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Loyola University Chicago Law Journal

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Over the past forty years, the federal courts have relied more and more on economic theory to inform their antitrust analyses. Economic theory has indeed provided guidance with respect to antitrust issues and assisted the courts in reaching rational outcomes. At the same time, infusion of economic evidence into antitrust cases has made these cases more complex, lengthier, more expensive to litigate, and less predictable.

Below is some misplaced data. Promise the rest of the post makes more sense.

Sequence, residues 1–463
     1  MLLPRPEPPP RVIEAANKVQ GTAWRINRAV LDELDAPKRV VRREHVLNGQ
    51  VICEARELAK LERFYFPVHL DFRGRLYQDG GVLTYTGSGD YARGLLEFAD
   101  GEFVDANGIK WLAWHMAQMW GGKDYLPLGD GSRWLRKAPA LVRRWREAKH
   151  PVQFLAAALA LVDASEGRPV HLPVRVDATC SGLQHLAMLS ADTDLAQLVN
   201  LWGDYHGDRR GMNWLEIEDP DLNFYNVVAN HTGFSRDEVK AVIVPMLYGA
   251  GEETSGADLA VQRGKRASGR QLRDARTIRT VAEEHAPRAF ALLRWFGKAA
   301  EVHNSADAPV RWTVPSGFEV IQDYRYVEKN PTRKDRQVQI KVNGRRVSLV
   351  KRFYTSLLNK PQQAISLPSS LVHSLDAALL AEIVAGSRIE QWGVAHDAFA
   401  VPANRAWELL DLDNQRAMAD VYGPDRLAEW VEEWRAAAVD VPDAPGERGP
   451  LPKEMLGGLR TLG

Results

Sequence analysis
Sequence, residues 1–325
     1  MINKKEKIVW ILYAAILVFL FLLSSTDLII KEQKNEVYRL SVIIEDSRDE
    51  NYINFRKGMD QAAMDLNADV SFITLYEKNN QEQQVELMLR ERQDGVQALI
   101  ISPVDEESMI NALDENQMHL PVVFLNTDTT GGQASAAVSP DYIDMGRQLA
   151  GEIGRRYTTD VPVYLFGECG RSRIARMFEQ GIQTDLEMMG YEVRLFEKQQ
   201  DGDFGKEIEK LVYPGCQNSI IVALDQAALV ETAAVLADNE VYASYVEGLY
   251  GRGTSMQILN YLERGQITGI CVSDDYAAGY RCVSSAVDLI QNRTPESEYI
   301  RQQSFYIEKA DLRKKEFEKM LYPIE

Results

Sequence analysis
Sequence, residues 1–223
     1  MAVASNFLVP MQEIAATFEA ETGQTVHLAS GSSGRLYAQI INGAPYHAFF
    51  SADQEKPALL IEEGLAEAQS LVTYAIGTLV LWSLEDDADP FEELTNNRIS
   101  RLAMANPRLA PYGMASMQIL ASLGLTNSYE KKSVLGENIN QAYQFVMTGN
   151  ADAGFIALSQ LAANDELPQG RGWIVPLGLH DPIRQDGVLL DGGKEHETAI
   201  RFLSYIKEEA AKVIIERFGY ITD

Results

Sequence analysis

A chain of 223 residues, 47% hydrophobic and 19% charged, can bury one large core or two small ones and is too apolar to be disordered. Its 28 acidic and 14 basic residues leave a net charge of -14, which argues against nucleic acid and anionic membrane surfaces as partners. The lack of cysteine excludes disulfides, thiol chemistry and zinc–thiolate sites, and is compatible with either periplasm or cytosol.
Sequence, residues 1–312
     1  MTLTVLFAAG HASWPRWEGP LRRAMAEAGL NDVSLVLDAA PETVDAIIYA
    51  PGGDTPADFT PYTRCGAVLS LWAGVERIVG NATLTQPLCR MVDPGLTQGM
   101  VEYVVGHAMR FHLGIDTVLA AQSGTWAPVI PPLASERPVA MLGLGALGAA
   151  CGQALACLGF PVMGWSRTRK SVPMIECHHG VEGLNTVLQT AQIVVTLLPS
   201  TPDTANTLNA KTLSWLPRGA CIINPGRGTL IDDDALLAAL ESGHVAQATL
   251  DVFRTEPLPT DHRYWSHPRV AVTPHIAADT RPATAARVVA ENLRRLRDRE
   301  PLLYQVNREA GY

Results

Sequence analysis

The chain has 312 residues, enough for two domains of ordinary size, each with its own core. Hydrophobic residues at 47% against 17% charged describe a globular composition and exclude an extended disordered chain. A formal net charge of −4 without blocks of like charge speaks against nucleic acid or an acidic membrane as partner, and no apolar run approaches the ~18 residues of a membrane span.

This Article argues that courts need to restore the balance between facts and economic theory in undertaking antitrust analysis. The problem is not that judges and juries cannot reach good outcomes in antitrust cases, but rather that courts have become too reliant on economic theory in deciding them. Just as courts of an earlier generation became too enamored of per se rules in antitrust cases, some courts today have become too enamored of economic theory in addressing and resolving antitrust issues. Some courts have lost sight of basic antitrust goals and have gotten bogged down in arcane economic tests—relevant market and proof of common impact in class action cases are two examples—which have become obstacles to, instead of tools for, resolution of antitrust disputes. Antitrust is a body of law enacted by Congress and construed by the courts; it is not a compendium of the latest thinking in economic theory. The role of the courts is not to decree economic policy, but rather to implement antitrust policies enacted by Congress. Antitrust has always been a fact-specific enterprise, and courts need to restore the proper balance between fact finding and economic theory by confining economic theory to those areas where it assists antitrust analysis and discarding such theory where it gets in the way. In short, courts need to return to simple, predictable, and administrable—but informed—antitrust rules.



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